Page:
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Sculpture by Hepworth, lyrics by Lennon and paintings by Stubbs and Rothko included in over 30 treasures allocated to the nation over the past year through Acceptance in Lieu scheme

  • Date: 14 November 2013
  • Area: National

Today we have published our annual review for the Acceptance in Lieu scheme, which has introduced £49.4 million worth of treasures into the public collections of the country this year. For the first time, the review also includes items accepted through the Cultural Gifts scheme.

In 2012/13 30 cases have been allocated, including:

  • a striking portrait of John Ruskin, painted by John Millais, the cause of much scandal in the nineteenth-century art world, and currently the subject of the upcoming film Effie
  • four items from the estate of Lucian Freud, including a Corot painting permanently allocated to the National Gallery
  • the first ever items accepted through the Cultural gifts scheme: letters and lyrics penned by John Lennon, now a permanent part of the British Library collection 

All of the descriptions of the 30 cases can be found in the report (download here), or you can explore a gallery of selected images.

About the scheme

The Acceptance in Lieu scheme allows those who have a bill for Inheritance Tax to offset part of those taxes by donating important cultural, scientific or historic objects to the nation. The items accepted through this scheme are allocated to public collections and are available for everyone to engage with and enjoy. Items have been allocated across the UK, ranging from some of our smallest museums and galleries to national institutions.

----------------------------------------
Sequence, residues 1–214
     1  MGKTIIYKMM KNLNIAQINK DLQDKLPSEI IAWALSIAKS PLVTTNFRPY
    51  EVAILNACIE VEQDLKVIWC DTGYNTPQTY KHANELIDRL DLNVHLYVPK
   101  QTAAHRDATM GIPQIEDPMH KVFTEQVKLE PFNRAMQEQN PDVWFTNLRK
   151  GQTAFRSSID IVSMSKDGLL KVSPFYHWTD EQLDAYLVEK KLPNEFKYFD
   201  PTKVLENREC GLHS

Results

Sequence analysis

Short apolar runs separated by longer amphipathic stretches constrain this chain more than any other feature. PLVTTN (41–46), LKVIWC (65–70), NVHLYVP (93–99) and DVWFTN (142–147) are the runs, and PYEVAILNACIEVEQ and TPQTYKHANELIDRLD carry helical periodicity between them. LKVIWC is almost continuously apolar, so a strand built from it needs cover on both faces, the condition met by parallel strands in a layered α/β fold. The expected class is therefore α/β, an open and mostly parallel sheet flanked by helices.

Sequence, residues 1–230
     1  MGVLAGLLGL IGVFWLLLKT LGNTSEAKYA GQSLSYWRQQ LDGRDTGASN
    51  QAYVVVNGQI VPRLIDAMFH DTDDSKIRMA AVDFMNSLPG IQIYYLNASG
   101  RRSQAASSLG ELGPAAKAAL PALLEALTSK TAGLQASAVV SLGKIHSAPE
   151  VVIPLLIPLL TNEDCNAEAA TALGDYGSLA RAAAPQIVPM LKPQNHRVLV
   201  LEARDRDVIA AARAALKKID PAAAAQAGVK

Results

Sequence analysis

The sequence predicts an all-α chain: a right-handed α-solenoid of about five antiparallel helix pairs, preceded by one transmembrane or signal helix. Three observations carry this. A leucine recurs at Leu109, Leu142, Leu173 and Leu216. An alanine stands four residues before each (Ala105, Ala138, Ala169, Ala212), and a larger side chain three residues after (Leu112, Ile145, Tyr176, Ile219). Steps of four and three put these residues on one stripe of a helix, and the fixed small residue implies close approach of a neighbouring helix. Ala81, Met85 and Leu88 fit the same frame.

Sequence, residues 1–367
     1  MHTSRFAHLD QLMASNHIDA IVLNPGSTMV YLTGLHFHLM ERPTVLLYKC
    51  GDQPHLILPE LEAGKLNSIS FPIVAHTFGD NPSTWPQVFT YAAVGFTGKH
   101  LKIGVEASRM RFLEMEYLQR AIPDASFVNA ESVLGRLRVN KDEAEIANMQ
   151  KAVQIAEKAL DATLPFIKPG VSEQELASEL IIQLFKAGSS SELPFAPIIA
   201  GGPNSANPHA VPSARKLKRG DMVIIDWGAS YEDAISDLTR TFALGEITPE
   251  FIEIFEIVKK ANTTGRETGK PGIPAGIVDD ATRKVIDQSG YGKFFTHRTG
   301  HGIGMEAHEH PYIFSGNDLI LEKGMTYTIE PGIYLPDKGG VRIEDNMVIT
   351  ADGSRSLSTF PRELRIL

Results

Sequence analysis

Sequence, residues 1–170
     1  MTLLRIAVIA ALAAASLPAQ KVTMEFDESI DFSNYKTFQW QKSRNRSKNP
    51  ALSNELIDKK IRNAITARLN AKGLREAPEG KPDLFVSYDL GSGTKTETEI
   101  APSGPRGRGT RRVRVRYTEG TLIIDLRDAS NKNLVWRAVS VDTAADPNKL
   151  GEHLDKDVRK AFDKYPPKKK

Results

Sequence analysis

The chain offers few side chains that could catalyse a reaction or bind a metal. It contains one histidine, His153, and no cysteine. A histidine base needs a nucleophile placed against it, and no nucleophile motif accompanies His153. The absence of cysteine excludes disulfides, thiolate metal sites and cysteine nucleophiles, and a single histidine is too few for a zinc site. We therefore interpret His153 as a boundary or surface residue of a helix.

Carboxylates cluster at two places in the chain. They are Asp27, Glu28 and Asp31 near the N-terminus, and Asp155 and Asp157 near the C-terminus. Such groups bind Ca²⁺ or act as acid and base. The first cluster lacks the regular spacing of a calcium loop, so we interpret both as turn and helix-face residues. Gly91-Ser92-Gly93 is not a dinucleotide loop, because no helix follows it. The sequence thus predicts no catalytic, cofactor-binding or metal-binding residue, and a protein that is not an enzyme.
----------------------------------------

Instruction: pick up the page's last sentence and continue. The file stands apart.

Sir Peter Bazalgette, Chair Arts Council England, said:
‘In 2012/13 the Acceptance in Lieu scheme brought treasures with an unprecedented commercial value into the national collections. If their sale had been on the open market, these works of art might have been lost to us forever: instead, this report details the beautiful and fascinating objects that can now be enjoyed by the public.

‘The first Cultural gift; lyrics written by John Lennon and donated by Hunter Davies, have found a permanent home at the British Library. The scheme is an important element in the Government’s range of tax incentives to encourage philanthropy, and allows individuals and companies to reduce substantially their income or corporation tax liabilities, according to the value of the gift. We’re grateful to Hunter Davies for getting the scheme off to a terrific start and I hope that others will be inspired to follow his lead.’

Culture Minister Ed Vaizey said:
‘The Acceptance in Lieu Scheme is a fine example of a win-win-win situation. The owner of the item accepted gets a discount on their tax bill, a museum or gallery gains an important new acquisition for their collection, and the public get a chance to enjoy it free-of-charge, often for the very first time. This year we have had a really fine selection of items accepted and, with the new Cultural Gifts Scheme coming on-stream this year, the promise of even greater things to come.’

See the report

You can download a copy of the report. Share your thoughts and follow us on Twitter.